The question then is whether this law serves any purpose. For certain it serves no purpose as a defence for the Church of England. If I, or perhaps rather Dr Harris, were to choose to defame the Archbishop of Canterbury, then the Archbishop has recourse to the general laws of libel. Indeed there are new laws of religious hatred, which, I hear, were opposed by a similar coalition embracing Dr Harris, other secularists and unlikely partners in the evangelical community. No doubt in some situations the Church could summon the protection of this new legislation.

The Lord God, although a living personage, does not have similar recourse to the courts unless a prosecution of blasphemy is brought on His behalf. The Lord God, however, has no need to resort to such measures as He can in due course deal with blasphemers when they face Him in judgement.

Indeed were the law of blasphemy to be enforced rigorously it seems that at least half this present generation would be locked up; for taking the Lord's name in vain appears to have become a national sport. The law may possibly place some check on misrepresentation of Jesus Christ and attempts have been made recently to use it to bring artists and performers to account - but without success.

Were I still a member of the House I would almost persuade myself into supporting repeal and I'm sure my good friend Mr JS Mill would also have urged repeal.

Yet I cannot countenance such a step for it seems to me that the very action of repeal will send a message that this nation no longer gives respect to the name of Jesus and will tolerate every blasphemy, however outrageous. At a time when millions appear ignorant of the gospel truths, this measure will only compound the ignorance and indeed aggravate public mockery. Indeed there will be those who wonder how it is that Muslims are so zealous in defence of their prophet and yet a nation of Christians exposes their Lord to public ridicule. It is as if the entire nation is gathered in front of Pontius Pilate to demand crucifixion and place a crown of thorns on the humiliated Christ.

Nor can I see in what way repeal will extend free speech. The law has not prevented Mr Dawkins from airing his views nor has it deterred Mr Pullman from writing his books nor has it dissuaded bookshops from giving their writings prominence of display. Indeed I understand that it is public opinion in America that has enforced censorship of Mr Pullman's new series of films rather than any legal threat in Britain.

Our dear Queen would have been shocked to the very marrow that MPs should consider taking this step and I can only wonder why the present Queen is not equally appalled. For myself I would find repeal regrettable and ill-motivated, even if it be the case that retention of the law is not logically sustainable.

Sunday, January 6, 2008

A modest proposal

I have been considering the condition and nature of government as it has evolved in the last hundred years or so and wish to put forward a modest proposal. Some unwitting responsibility for the extension of government into so many aspects of life must be accepted by myself and those who shared government with me . There was much reform to be achieved to create a state that was democratic and just and, as a consequence, much work to be undertaken by Parliament.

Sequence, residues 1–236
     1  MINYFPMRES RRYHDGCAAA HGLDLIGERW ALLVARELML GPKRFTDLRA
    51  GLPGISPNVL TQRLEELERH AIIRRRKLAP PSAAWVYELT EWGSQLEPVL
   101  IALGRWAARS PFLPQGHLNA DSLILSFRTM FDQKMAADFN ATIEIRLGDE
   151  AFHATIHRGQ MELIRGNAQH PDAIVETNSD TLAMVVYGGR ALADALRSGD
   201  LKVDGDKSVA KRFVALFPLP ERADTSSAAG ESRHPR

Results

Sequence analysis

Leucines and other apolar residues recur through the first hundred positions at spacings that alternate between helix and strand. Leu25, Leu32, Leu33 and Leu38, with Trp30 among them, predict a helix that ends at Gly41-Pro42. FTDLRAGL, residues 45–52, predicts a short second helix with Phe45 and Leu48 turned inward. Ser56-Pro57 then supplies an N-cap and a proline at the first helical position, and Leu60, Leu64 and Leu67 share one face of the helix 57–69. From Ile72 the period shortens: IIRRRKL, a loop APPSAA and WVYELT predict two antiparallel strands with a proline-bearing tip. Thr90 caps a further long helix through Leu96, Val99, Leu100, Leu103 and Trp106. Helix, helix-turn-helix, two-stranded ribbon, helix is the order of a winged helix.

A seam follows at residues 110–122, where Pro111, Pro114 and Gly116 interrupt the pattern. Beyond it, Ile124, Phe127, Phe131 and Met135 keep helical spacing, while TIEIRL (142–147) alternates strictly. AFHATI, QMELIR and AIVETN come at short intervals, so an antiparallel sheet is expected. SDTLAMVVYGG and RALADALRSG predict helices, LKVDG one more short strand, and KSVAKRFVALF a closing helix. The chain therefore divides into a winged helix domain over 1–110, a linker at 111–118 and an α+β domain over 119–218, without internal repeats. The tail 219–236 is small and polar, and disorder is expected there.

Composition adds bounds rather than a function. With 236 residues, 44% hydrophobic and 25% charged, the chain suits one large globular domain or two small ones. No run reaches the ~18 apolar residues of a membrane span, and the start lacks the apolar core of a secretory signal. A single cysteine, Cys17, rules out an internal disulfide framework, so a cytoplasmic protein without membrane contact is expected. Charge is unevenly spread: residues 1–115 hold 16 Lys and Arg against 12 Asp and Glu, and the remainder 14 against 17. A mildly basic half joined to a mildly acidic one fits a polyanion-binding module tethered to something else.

But my mind tumbles over in turmoil when I consider that Parliament has continued this work, with scarce interruption, for a period of well over a century. It seems that of laws and of the making of laws there is no end. The state has many servants, offices and supervisors of public conduct and indeed continues to consume a large portion of the national income.

Now I must fully accept that there are laws yet to be made that may be fully justified in the making. Indeed when Mr Clegg assumes the mantle of government, I would anticipate a plethora, a blizzard of laws; for this party is committed to reform and there is much reform to be done.

However I find it hard to conceive how a party of government could be in power for ten years and still have passed insufficient laws to serve its purpose. I am informed that the government believes in extending its powers by stealth rather as we extended liberty by progression rather than in a single extension. So Habeas Corpus is first extended for 28 days and when this is considered tolerable it is extended further. Or the hospital services are reorganised and then the following year they are reorganised again; for the minister in charge of this department has to show they have work to do. Or the schools are judged still to be inadequate and the state must therefore assume additional powers over local education boards and the practice of teaching - as if no powers have been taken at any point in the last ten years.

In the same way the members of parliament must be given work to do; for the socialist MPs award themselves in pay several times the average salary of the ordinary working man and therefore must pose as rulers rather than symbols of enfranchisement. Indeed, whereas once parliament met in periodic session to bring together the people's representatives it is now criticised if it presumes to take a "holiday".

My modest proposal is therefore this: that Mr Brown, the Prime Minister, declare a holiday from the making of laws for a period of one year. He will be required to bring forward and debate an annual budget and there may conceivably be other matters that require legislation. But I would speculate that Great Britain will continue to function as normal, and may even function rather better than usual, if there is some respite from the making of laws. What then shall be done with the MPs, the ministers and their civil servants during this time? The ministers and servants may be tempted to make regulations during this period and should be restrained from doing so. Indeed they can all be kept gainfully employed during this period - as it seems they must be employed by the state - in deliberating all the laws that have been passed during the last decade, what has been their effect and how they might be improved to enable the better working of commerce, the extension of liberty and the common weal.

Furthermore I would urge Mr Clegg to make this a part of his programme, declaring in what year there will be a respite from law-making and by what point the programme of Liberal reform will be near to completion. I would advise the sixth, the second year of the second term.